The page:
Once you’ve found your home and agreed on the price, the next step is finding the right loan and qualifying for a mortgage. There are a variety of products and each comes with its own set of fine print, so read carefully. A good lender will help you sort through the options and decide which one works for your unique situation.
Qualifying for a Mortgage
A lending institution like Weichert Financial Services is required to send you a Loan Estimate within 3 business days of the submission of a loan application unless the loan has been denied. A Loan Estimate will explain all of the costs associated with your loan in a standard form, making comparison easier. It will cover both closing costs and the cost of the loan if you repay it over the entire term. You can’t be charged any fees until you receive a Loan Estimate, except possibly a credit report fee. Lenders are required by law to honor the Loan Estimate, even if there has been a mistake. It is only an estimate and can legally change up to 10%.
Despite what some institutions may tell you, multiple credit report inquiries will not affect your credit score when qualifying for a mortgage. To allow for rate comparison, FICO ignores all mortgage, auto and school loan inquiries made in the 30 days prior to a score request. If you are going to shop around, it’s best to do it within a 30-day period. Don’t let credit score worries stop you from finding the institution with the best rate for you.
Once you have settled on a lender, the next phase begins with an application. If you continue with the institution that gave you pre-approval, some of the process is already complete. In addition to the same paperwork that you needed for pre-approval, you’ll also need a copy of the signed Purchase and Sales Agreement. After the application is complete, an underwriter will review all of your information and make the final decision on your loan.
Locking in an Interest Rate
The next step when qualifying for a mortgage is to “lock in” an interest rate. The rates change daily and your lender will let you lock in a specific rate for a specific period of time, possibly for a fee. This protects you against rising rates while your loan paperwork is being processed. It’s a gamble, because rates can always go down. If they do, you’ll miss out unless you include a “float down” provision in your contract. A float down provision offers the borrower the chance to take advantage of lower interest rates without being subject to increases.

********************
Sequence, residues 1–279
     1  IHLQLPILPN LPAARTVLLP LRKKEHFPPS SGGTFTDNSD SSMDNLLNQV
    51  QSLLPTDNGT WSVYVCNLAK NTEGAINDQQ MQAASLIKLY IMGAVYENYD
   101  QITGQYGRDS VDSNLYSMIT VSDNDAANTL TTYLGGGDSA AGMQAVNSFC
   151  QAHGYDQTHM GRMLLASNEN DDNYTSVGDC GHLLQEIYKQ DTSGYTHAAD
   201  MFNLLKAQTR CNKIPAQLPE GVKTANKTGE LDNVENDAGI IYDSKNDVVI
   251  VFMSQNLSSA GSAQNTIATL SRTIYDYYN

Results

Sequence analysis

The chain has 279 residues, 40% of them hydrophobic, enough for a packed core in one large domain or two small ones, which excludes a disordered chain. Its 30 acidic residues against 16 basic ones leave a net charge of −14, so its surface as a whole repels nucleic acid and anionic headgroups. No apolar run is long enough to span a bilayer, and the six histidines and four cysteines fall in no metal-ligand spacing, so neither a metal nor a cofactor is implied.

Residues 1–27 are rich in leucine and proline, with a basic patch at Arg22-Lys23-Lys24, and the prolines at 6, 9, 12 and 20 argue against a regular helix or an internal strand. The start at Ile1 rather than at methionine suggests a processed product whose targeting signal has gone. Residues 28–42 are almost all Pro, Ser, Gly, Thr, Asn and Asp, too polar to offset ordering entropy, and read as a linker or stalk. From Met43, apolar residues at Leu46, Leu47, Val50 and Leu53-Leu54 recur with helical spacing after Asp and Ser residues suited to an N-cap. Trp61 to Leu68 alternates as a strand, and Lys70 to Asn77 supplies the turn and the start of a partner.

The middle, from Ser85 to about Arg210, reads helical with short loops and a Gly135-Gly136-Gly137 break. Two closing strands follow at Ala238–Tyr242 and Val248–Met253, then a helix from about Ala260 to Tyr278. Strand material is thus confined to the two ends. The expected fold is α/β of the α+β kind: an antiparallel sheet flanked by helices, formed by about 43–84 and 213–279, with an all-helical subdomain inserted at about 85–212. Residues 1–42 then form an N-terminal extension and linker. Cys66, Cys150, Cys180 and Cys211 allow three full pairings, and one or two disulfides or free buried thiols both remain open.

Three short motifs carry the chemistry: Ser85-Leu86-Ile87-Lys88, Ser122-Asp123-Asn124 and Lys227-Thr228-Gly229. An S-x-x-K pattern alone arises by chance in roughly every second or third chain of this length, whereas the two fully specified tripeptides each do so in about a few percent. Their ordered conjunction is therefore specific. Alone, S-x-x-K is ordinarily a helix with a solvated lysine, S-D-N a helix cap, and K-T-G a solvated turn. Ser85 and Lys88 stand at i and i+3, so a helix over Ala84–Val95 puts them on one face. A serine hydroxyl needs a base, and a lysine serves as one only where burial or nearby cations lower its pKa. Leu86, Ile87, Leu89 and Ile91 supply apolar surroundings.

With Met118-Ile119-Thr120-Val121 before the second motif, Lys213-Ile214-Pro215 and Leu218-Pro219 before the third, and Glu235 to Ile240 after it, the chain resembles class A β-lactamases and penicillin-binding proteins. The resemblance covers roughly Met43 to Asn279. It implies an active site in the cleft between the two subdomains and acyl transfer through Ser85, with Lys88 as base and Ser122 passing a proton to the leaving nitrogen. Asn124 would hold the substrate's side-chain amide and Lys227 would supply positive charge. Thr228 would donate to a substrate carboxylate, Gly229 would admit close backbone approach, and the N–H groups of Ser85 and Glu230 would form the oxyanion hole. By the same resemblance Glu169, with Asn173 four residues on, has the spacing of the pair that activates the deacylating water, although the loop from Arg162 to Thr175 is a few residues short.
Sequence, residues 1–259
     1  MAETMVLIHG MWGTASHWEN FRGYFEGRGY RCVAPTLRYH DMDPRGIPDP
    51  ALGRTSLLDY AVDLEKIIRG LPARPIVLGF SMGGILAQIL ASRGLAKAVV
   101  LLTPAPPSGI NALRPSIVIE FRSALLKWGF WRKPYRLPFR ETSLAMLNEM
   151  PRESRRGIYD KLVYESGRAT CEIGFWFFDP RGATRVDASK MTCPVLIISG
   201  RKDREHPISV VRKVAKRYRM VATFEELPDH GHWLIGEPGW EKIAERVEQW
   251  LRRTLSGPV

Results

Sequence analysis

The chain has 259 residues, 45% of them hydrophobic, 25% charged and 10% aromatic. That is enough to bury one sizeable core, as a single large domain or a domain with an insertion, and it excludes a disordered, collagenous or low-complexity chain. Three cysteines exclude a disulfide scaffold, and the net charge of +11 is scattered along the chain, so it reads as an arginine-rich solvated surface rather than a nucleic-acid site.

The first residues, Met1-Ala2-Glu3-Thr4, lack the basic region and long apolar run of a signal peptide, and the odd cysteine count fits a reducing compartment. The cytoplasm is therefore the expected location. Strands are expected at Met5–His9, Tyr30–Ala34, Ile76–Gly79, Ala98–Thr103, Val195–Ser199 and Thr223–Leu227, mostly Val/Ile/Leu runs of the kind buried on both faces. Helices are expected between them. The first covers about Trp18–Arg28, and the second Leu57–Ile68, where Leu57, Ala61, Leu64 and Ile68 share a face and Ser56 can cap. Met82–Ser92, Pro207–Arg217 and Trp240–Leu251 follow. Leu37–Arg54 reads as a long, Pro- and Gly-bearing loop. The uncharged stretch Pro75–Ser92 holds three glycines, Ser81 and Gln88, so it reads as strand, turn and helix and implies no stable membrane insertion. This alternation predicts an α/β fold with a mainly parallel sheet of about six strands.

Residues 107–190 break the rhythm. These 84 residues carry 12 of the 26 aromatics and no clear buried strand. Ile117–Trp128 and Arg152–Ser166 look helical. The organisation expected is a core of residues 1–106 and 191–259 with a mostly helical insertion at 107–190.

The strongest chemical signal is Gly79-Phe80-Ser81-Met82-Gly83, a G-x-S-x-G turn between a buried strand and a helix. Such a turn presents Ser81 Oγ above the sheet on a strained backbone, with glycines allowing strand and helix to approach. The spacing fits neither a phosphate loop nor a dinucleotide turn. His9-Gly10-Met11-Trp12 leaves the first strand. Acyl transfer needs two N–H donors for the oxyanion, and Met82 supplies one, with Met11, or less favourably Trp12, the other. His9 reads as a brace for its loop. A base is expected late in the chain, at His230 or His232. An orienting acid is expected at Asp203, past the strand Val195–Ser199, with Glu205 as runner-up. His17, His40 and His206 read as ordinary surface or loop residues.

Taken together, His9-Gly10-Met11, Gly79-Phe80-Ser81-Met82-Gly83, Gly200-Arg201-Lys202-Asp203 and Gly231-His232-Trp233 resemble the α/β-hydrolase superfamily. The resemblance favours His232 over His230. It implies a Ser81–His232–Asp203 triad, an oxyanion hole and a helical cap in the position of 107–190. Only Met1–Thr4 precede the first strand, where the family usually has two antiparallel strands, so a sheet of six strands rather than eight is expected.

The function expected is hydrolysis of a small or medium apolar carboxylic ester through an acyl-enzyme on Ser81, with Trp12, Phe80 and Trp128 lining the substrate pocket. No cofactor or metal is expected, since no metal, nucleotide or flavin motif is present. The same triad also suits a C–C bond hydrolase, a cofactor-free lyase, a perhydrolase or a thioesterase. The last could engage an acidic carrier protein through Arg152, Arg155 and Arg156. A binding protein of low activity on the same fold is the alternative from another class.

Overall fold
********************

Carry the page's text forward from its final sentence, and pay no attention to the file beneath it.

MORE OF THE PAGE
This option costs more because there is more risk for the lender. Nonetheless, spending more now might be the key to finding the right loan especially if rates are volatile. With either option, it will be your job to follow the numbers and let the lender know if anything changes. Locks can last anywhere from 15 to 90 days with the average being 30 days. All of the details including the rate, the fees and the term should be detailed in your mortgage rate lock contract.
The Extra Cost of PMI
If your downpayment is less than 20%, most lending institutions will charge a fee for PMI. (Private Mortgage Insurance). Although you won’t shop around for PMI like you will for a mortgage rate, you can ask your lending institution about their rates. If you’ve been unable to find additional funds for your downpayment, this might be a good time to figure out a plan to get to 20%. Monitoring your home’s value as well as making extra mortgage payments can help you eliminate the monthly PMI charges.
For more information on PMI, see our Resource Center.
Finding the Right Loan
Borrowers can "lock in" a specific interest rate for a specific period of time for a fee to protect against rising rates while their loan paperwork is being processed.
A lending institution is required to send a Loan Estimate within 3 business days of the submission of a loan application detailing the closing costs and financial details of the loan.
Despite what some institutions may tell you, multiple credit report inquiries will not affect your credit score when qualifying for a mortgage. To allow for rate comparison, FICO ignores all mortgage, auto and school loan inquiries made in the 30 days prior to a score request.